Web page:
Keri Ford: A Long Journey to the Beginning

Tolkien's Hobbit and Lord of The Rings were the first novels I read with pleasure (aged 14) and they made an immediate and lasting impact upon me. It was very different with George MacDonald, although it must be about 30 years since I read the first book by him, which would have been either Lilith or The Princess and the Goblin, I'm not sure which. I certainly thought Lilith was very good but it didn't lead to further reading. I think W.H. Auden and C.S. Lewis both gave me the impression that MacDonald's realistic Victorian novels were not very good and not worth reading, so I had the impression that MacDonald effectively had a small oeuvre.

Lilith I reread every so often, and each time I read it, it took me on a journey and amazed me, but the events of the book were not imprinted on my mind; I had certain lasting impressions, the ancestral house, the Library, Mr. Raven, the movement between this world and another, the room of the dead. But it was such a unique book that takes you on an inner journey and you come out of it as you come out of a dream. I am starting to read this again this time taking extensive notes and it would be good to write a blog on this book alone.

The Princess and the Goblin I enjoyed, but probably didn't give it sufficient credit due to it being a children's book. I reread it to my daughter and very much enjoyed it; Princess Irene's grandmother struck me as something of a prototype for the Lady Galadriel. Having recently read G.K. Chesterton's comments on the book, I realize I have taken this wonderful book too much for granted:

“But in a certain rather special sense, I for one can really testify to a book that has made a difference to my whole existence, which helped me to see things in a certain way from the start; a vision of things which even so real a revolution as a change of religious allegiance has substantially only crowned and confirmed. Of all the stories I ever read ... it remains the most real, the most realistic, in the exact sense of the phras,e the most like life. It is called The Princess and the Goblin, and is by George MacDonald....”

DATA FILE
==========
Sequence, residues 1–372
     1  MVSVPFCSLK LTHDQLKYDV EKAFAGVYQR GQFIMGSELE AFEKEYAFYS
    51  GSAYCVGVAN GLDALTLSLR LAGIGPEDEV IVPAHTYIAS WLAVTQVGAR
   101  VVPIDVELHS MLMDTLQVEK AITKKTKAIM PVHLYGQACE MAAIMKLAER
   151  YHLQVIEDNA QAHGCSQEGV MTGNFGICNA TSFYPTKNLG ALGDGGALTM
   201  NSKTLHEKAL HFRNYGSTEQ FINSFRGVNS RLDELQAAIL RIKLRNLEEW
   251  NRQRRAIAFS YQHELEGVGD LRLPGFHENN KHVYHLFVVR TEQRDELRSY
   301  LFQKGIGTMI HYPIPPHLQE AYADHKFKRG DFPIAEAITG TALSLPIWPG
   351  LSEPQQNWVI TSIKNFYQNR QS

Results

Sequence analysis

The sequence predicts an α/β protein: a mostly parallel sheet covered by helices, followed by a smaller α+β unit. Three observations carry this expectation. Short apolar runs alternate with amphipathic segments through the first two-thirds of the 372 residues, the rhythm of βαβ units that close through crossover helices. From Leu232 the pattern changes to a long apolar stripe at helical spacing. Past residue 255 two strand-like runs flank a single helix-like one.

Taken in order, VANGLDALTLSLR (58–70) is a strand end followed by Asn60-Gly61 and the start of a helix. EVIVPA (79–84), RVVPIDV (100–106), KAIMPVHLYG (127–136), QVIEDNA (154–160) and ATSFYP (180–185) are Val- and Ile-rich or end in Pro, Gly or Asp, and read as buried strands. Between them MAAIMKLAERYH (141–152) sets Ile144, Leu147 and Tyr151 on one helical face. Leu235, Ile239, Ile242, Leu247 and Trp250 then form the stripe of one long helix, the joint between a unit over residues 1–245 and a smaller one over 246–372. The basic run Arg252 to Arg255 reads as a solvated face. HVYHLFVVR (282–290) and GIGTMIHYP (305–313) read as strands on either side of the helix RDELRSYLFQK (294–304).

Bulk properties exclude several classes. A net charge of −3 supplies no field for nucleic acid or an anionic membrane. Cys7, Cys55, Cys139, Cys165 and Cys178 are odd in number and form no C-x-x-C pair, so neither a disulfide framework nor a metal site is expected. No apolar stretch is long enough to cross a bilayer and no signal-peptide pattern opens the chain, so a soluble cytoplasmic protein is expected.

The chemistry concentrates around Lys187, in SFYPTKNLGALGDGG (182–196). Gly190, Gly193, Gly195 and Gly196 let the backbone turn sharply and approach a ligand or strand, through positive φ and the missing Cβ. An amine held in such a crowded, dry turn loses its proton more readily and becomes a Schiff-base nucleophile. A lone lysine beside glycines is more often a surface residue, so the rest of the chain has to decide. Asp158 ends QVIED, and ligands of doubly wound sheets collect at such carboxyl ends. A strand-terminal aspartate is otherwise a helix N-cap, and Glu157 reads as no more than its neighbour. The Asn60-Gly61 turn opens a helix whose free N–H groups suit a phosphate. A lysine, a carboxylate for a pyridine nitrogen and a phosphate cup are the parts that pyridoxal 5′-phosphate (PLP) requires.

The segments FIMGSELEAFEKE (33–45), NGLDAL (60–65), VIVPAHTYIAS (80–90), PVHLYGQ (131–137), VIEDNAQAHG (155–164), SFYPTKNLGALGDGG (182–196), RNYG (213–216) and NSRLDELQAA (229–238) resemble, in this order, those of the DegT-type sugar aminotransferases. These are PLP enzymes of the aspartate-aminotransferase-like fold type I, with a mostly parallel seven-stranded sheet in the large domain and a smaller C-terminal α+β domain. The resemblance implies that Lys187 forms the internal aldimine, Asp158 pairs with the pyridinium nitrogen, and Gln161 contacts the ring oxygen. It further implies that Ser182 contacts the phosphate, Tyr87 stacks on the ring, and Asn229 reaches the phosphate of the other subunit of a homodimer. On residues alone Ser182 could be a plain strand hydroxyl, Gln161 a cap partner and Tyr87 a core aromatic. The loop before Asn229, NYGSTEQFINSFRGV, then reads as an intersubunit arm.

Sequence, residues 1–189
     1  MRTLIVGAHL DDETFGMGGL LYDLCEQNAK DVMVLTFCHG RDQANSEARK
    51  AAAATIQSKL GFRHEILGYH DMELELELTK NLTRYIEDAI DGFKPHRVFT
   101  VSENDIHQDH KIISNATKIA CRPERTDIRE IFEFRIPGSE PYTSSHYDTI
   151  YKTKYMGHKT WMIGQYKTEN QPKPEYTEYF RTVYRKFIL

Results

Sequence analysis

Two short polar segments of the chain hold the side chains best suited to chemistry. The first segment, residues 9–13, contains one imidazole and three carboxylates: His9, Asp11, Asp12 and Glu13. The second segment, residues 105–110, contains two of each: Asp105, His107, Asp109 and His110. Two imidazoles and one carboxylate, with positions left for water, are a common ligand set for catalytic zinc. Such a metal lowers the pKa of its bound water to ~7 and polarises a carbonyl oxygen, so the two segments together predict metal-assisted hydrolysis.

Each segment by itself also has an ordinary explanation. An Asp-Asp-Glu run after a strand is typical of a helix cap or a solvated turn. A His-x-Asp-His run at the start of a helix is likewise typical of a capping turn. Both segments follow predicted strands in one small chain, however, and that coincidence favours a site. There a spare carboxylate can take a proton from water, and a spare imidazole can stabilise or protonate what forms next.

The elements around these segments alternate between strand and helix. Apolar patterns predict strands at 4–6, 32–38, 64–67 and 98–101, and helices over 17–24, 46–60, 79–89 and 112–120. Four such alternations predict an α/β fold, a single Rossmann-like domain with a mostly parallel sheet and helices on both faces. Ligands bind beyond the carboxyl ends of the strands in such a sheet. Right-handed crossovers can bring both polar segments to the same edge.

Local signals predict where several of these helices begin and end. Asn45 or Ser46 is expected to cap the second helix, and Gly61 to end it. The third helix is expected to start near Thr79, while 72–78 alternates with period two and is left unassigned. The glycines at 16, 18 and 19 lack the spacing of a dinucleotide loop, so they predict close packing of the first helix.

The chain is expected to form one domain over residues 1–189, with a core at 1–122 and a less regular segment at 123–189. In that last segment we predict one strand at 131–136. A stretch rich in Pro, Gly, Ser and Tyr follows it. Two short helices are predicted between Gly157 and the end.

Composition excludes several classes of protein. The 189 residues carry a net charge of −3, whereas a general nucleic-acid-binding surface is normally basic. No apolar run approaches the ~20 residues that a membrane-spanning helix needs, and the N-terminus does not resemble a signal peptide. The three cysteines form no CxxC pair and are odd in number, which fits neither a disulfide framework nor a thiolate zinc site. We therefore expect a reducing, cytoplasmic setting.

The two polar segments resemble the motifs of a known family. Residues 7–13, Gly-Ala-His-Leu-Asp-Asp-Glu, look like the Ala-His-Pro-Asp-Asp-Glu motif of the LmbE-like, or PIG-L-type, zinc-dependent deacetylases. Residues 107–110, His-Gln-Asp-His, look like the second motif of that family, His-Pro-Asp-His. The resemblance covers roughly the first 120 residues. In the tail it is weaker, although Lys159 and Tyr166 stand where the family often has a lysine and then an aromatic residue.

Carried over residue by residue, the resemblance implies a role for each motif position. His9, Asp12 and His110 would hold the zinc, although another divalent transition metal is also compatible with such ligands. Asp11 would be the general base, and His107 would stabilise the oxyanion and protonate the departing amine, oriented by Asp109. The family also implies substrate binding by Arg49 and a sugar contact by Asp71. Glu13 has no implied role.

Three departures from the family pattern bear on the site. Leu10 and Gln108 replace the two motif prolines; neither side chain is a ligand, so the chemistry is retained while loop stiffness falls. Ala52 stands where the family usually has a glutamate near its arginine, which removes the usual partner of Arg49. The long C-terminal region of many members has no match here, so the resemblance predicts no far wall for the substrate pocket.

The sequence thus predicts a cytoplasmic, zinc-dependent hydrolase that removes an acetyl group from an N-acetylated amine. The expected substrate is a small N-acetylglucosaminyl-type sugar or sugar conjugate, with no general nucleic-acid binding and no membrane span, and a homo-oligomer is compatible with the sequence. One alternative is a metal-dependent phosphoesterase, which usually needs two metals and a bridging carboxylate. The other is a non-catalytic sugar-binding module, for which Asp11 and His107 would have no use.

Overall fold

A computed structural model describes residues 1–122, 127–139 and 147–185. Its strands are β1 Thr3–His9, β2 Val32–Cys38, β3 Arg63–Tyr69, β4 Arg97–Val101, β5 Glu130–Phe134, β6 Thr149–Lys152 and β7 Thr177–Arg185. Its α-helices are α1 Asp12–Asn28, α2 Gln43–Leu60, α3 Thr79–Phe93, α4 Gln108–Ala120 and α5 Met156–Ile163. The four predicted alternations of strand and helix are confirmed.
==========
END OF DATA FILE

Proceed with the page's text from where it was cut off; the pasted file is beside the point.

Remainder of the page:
I read Phantastes and The Golden Key and also enjoyed them very well, but I think because I read his visionary fantasies I had a mistaken impression of him as a rather vague romantic whom I could enjoy but shouldn't contemplate too deeply. However, slowly I came to realize that I had lived with MacDonald's work for a long time and their influence, although subtle, was lasting; there is a sense of the numinous, a slaking of a thirst of the soul, that finally pushed me out of my sleepiness and I realized that I wanted to know more about George MacDonald. I joined the George MacDonald Society Facebook group, which I found a source for a lot of good information, and it stirred my enthusiasm. It was through this group that I came upon an article called George MacDonald: Merging Myth and Method by Robert Trexler, which you can find here:

Trexler in his opening remarks made the following statement:

But if the revival of interest in MacDonald can be partly credited to Lewis, so also can some of the misconceptions about MacDonald, especially as regards MacDonald the novelist.

Trexler goes on to argue that MacDonald's realistic Victorian novels have been significantly undervalued by Lewis and are worth serious attention. He focuses on one of the Wingfold novels, There and Back, and marks mythic motifs within the novel.

I am very thankful for this article as it changed my thinking and led me to read the Wingfold books: Thomas Wingfold Curate; There and Back, and Paul Faber, Surgeon. I realized that I had only touched upon the riches that MacDonald's work had to offer. I like novels that contain ideas and deal with the interior life of their subjects, and these novels did that in a unique way. They had likeable and varied characters, and the main themes seemed to be a slow unfolding of faith, which is depicted in a very real and sincere manner. The books are also many layered, with mythic and visionary elements that come from Polwarth's writings and his brother's manuscript, although not limited to these. MacDonald concentrates on personal transformations and the inner journeys we make to become better people, and on our movement towards the divine. He does this with gentleness and seriousness unparalleled by any author.

So, almost 30 years after first reading MacDonald's work, I have come to see that he has created a great body of work, and I am at the start of a voyage of discovery, sailing into the east. I feel as though I have a lot to get from MacDonald, through his realistic Victorian novels, his sermons and criticism and the fantasy novels that I already know, but not well enough. 

I have come to the beginning.

---Keri Ford